Output from Libya’s Sharara oilfield climbs

January 08, 2014 - 12:00:00 am

TRIPOLI: Output at Libya’s El Sharara oilfield rose more yesterday to over two thirds of full capacity and a pipeline shipping condensate — very light crude — to a western port reopened, marking progress in government efforts to rebuild vital exports.

Negotiations ended a protest by tribesmen at El Sharara over the weekend with production there climbing to 277,000bpd yesterday and expected to reach full capacity of 340,000bpd by today, said a spokesman for the National Oil Corp. “I think if we keep up at this level we will reach capacity by tomorrow,” the spokesman, Mohamed Al Harari, said.

The reopening of the El Sharara field in southern Libya, one of Libya’s largest, and of the Wafa pipeline feeding Mellitah port are good news for the central government in Tripoli which is struggling to end a six-month-long blockade of important eastern oil ports that has slashed shipments.

El Sharara supplies crude to the western Zawiya export terminal and feeds the 120,000-bpd Zawiya refinery.

Libya’s navy said it opened fire on Sunday after a Maltese flagged oil tanker tried to approach and load crude at Es Sider, one of the eastern ports seized by armed protesters demanding more autonomy. The vessel later headed towards Malta.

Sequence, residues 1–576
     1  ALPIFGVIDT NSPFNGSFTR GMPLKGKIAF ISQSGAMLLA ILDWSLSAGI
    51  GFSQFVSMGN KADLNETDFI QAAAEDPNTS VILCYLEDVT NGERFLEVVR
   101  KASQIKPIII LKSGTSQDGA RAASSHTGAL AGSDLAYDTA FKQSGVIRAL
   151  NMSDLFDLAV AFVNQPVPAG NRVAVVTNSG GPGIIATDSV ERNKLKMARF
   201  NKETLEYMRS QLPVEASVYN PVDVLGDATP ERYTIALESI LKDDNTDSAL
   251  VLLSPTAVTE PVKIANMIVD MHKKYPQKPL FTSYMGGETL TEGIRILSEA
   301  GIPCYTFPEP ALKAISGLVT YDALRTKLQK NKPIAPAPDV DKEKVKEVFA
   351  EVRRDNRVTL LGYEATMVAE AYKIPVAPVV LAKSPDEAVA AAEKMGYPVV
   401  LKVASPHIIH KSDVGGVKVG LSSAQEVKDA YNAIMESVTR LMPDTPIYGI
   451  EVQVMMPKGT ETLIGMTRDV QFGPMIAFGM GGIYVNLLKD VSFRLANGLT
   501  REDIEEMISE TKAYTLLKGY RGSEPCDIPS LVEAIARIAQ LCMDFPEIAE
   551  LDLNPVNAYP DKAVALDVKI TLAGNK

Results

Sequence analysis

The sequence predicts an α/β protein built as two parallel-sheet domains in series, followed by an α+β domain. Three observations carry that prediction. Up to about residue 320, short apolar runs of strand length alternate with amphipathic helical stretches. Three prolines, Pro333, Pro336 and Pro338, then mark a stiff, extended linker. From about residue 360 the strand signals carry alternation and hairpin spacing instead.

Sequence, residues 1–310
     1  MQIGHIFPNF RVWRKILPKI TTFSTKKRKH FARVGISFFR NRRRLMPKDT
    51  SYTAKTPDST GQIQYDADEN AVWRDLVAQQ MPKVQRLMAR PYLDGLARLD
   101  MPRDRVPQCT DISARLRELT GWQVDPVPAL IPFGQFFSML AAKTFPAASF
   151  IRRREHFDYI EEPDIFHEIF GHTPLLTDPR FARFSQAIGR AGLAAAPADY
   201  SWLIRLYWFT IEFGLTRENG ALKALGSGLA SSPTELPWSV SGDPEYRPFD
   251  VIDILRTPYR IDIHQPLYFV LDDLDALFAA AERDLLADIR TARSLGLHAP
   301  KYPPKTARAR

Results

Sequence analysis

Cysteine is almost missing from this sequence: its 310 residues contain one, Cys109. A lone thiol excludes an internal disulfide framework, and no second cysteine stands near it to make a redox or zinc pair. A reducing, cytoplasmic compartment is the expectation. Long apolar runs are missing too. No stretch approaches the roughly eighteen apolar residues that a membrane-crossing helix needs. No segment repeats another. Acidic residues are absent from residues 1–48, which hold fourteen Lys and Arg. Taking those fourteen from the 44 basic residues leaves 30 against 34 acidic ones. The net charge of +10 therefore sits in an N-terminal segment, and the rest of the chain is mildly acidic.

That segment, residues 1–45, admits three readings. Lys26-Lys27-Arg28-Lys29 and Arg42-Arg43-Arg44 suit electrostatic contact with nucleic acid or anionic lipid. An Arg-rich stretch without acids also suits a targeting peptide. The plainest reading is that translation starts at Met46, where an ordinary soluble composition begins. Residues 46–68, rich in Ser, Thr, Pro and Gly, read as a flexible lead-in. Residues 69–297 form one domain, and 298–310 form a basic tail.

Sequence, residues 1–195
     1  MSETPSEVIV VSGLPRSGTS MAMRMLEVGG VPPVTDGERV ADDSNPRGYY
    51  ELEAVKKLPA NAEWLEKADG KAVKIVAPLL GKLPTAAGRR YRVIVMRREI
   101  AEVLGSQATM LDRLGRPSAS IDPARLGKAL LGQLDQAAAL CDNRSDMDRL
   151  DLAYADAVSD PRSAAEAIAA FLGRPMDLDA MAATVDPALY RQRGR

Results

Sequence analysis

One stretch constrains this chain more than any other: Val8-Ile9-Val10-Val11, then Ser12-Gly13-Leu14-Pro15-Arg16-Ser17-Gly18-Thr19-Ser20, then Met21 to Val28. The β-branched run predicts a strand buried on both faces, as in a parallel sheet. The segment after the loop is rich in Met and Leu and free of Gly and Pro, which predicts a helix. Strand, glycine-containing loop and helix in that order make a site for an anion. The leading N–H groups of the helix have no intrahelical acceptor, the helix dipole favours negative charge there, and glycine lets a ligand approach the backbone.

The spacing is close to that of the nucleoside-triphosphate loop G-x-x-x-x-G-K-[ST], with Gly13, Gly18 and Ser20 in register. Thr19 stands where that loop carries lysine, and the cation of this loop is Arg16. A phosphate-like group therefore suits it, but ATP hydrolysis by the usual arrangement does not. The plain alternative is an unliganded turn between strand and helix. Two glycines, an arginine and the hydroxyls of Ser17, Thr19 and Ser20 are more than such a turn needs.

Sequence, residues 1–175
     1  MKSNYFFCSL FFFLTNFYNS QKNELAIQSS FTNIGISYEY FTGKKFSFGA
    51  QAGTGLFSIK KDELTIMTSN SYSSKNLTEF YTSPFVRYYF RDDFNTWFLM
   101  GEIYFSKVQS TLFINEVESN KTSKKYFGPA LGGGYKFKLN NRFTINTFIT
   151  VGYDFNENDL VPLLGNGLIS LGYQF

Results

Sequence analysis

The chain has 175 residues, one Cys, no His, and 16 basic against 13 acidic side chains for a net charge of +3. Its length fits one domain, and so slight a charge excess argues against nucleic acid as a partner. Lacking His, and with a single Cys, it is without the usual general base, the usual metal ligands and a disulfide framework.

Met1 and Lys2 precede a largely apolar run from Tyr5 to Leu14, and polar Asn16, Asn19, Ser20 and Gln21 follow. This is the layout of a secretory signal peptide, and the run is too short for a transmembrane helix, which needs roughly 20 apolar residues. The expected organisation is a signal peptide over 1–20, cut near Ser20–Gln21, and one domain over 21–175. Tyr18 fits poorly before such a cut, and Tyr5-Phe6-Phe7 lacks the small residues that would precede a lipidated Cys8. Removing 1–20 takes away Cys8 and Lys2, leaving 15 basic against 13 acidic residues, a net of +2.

Negotiations to end that blockade have gone nowhere with eastern federalist protesters threatening to try to ship oil independently, and the government saying it will use force against vessels seeking to load at blockaded ports.

Libya’s armed forces warned they will take more robust action against tankers trying to illegally dock at the ports controlled by the autonomy protesters who are led by a former fighter in the 2011 uprising against Muammar Gaddafi.

“If a ship docks in one of the closed ports, and it does not leave the port again, then we will destroy it,” said Defence Ministry spokesman Said Abdul Razig al-Shbahi. “We have clear instructions. This is sovereignty of the state, even the international law will be in our side.” 

The eastern confrontation over oil is one of several fronts facing Libya’s fragile government two years after Gaddafi’s fall. Former rebels, militia fighters and tribesman often resort to force to make a variety of political demands on a state still struggling with a transition to democracy. 

Protesters, who had blockaded the El Sharara field for two months, had been calling for the establishment of a local council and the granting of national identity cards for tribesmen from the Tuareg minority.

The pipeline carrying condensates from Wafa oilfield to Mellitah port, co-operated by Italy’s ENI in the west, has also been reopened after protesters briefly blocked the line, with output now at around 30,000bpd, the NOC said.